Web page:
SESAY: I mean, as you talk about, because as you frame it -- and that line of thinking is that North Korea is coming to the table from a position of strength. They feel strong. And that's why they are open to this meeting.

Some have said giving them this meeting, President Trump going straight ahead and agreeing to a meeting, not waiting for lower level talks to take place but saying, yes, I will sit down, is validating that, validating them as a nuclear state and that carries risks and problems down the line.

Do you agree?

YUN: No, I don't agree. I don't think that talks for talks' sake really has -- we have nothing fear related to that. We're in so much better position than the -- than North Korea is. So I don't have a problem with having these talks.

I mean, we have to reach a deal for us to avoid possibly a, you know, a cataclysmic conflict or accepting North Korea as a nuclear state. We have got to have a conversation. And up to this point we have not.

So I think this a good move on the part of the president. I also want to note the fact that this is kind of a style that I think may actually produce something relatively big. That's just one thought, because there is a tendency for the North Koreans to want to -- if you want to move and move quickly, you do it at the top.

If you recall back in 1994, Jimmy Carter met with Kim Il-sung, the grandfather, and they came very quickly to a deal. There is a tendency, when you allow things to happen at a relatively lower level, things get bogged down.

And so I think there is a possibility here. But a lot of details have to be worked out and a lot of things could go wrong because we have seen it before.

SESAY: The question I think on the minds of most analysts, most watchers, is what does Kim Jong-un want in return?

What do you think?

YUN: Well, on one hand he said that he wanted security --


YUN: -- assurances. So what the maximal or the opening bid has been, removal of U.S. troops, the end of the U.S.-ROK treaty or security alliance and the nuclear umbrella over South Korea and Japan, which are all nonstarters.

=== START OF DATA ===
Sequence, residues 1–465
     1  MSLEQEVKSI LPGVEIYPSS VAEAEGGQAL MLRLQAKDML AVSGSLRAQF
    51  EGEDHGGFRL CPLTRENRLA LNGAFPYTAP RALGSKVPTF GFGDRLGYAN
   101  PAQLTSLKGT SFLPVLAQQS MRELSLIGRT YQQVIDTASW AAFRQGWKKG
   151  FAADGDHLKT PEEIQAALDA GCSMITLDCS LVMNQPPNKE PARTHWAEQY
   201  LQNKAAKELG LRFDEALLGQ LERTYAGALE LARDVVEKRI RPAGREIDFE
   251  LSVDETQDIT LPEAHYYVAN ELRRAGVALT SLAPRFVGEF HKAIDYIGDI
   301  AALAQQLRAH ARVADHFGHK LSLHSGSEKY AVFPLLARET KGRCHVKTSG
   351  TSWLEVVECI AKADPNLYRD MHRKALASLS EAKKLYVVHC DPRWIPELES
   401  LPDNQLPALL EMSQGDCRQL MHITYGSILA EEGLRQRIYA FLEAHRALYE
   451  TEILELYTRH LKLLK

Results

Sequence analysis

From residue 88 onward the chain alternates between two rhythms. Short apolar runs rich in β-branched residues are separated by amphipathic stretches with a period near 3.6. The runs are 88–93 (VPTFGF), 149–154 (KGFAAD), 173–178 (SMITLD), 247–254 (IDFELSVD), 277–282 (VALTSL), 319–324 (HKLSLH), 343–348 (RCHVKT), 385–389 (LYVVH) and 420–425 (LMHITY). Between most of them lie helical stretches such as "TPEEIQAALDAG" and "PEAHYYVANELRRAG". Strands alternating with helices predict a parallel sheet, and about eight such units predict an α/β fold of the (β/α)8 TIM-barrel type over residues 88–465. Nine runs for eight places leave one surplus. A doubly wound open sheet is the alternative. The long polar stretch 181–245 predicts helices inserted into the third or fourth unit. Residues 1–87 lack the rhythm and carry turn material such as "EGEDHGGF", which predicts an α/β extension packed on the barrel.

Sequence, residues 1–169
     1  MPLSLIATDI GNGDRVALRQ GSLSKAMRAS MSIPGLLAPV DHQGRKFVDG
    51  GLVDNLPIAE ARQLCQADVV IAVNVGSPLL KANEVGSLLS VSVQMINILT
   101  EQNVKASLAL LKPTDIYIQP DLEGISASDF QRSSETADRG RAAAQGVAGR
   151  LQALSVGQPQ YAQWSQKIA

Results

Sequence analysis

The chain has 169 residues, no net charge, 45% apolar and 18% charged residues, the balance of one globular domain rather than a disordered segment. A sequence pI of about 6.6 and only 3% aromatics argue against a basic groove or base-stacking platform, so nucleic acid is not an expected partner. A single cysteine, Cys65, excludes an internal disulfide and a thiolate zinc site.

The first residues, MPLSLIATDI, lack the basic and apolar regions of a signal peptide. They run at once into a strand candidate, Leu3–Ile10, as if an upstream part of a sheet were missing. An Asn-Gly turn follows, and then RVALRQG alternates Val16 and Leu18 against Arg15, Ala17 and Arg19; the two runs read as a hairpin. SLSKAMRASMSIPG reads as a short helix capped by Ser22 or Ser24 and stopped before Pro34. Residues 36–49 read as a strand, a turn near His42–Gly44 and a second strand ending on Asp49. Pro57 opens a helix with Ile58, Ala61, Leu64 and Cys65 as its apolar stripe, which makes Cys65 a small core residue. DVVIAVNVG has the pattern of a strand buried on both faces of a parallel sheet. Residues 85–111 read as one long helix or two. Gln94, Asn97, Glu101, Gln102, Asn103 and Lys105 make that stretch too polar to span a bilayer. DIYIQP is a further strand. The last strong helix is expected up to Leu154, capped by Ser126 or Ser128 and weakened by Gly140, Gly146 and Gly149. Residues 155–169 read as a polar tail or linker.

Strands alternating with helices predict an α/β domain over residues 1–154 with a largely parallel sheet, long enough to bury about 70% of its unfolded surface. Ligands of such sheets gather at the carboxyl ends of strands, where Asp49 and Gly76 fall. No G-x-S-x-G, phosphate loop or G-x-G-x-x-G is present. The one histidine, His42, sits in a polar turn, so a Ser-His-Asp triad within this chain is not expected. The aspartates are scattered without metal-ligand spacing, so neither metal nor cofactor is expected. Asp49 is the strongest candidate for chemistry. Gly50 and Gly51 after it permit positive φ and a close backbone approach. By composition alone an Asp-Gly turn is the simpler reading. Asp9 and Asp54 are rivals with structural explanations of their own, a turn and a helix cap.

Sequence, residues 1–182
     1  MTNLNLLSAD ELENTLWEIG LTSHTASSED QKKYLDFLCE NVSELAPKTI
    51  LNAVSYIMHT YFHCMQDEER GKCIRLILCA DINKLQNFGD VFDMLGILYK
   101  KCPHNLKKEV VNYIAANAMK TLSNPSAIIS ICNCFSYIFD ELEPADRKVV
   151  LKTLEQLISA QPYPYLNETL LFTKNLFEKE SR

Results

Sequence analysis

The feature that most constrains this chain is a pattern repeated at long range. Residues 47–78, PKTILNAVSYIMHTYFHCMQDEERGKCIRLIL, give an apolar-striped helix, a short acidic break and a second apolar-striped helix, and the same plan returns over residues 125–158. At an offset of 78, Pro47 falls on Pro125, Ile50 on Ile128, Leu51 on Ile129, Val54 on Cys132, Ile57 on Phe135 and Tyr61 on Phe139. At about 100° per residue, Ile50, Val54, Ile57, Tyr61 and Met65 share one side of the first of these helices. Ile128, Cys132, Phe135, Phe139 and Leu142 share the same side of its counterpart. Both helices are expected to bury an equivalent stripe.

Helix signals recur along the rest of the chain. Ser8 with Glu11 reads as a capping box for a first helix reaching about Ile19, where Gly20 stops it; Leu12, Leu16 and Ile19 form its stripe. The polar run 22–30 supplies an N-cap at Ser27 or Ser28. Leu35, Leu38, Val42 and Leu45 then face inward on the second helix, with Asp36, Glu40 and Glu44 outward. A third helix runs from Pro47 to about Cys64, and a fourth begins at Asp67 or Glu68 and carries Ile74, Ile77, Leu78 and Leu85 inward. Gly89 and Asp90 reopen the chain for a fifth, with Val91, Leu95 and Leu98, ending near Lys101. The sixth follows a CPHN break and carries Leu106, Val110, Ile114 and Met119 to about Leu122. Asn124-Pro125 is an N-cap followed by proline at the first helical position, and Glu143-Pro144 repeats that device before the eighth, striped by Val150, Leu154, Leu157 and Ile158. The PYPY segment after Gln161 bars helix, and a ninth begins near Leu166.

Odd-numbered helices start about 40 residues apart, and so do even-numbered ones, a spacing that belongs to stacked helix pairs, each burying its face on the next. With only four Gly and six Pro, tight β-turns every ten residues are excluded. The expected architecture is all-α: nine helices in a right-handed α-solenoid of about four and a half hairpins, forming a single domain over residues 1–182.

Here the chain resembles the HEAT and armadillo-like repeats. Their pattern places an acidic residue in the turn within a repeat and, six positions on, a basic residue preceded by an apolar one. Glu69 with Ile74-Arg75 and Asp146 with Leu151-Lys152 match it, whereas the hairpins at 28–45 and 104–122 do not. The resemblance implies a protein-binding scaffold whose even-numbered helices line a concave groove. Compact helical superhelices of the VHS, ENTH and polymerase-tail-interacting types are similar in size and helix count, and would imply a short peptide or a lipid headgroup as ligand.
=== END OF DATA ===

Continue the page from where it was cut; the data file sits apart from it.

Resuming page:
But he wants to make sure that his regime will exist. The other thing is a degree of prestige and legitimacy. So that's something we're going to have to figure out, how to give to him in a way that he can tout to his own people because they have invested so much in these nuclear weapons.

And the third is some kind of benefits. Sanctions relief is going to be one of them. But his economy is in tough shape. And he himself has put himself on the hook with his first public remarks in 2011, where he said he would make the economy better.

So those are the things that we have to give to him. And we have to make sure that whatever we get is verifiable and actually prevents him from getting his -- that actually rolls back his nuclear capability. It doesn't have to happen now. But at some point it has to happen.

SESAY: We are almost out of time, Phil, but I want to ask you, we haven't heard anything in the North Korean media verifying all of this. And we have been watching -- I know you and I have spoken today.

When an statement is made -- because the expectation is obviously if this meeting is agreed to, there will be some kind of statement made in Pyongyang on state media.

How will it be framed?

YUN: Well, you know, I think that what they are going to say is they will tout this in a way that is very complimentary and is a tribute to Kim Jong-un and his leadership. That's the way the North Koreans will frame this. I take heart in the fact that the North Koreans haven't contradicted anything at this point.

But that always leaves them a little bit of wiggle room if, at some point, they decide to continue to push and push harder, which they inevitably will, to make sure they get the best deal that they possibly can, if there is a deal to be had.

SESAY: Indeed. Philip Yun, joining us from San Francisco, with the Plowshares Fund. Thank you. Always appreciate the insight.

YUN: Thank you.

SESAY: We're taking a very quick break now. Why some U.S. allies are relieved by President Trump's decision to impose tariffs on steel and aluminum while others are dismayed.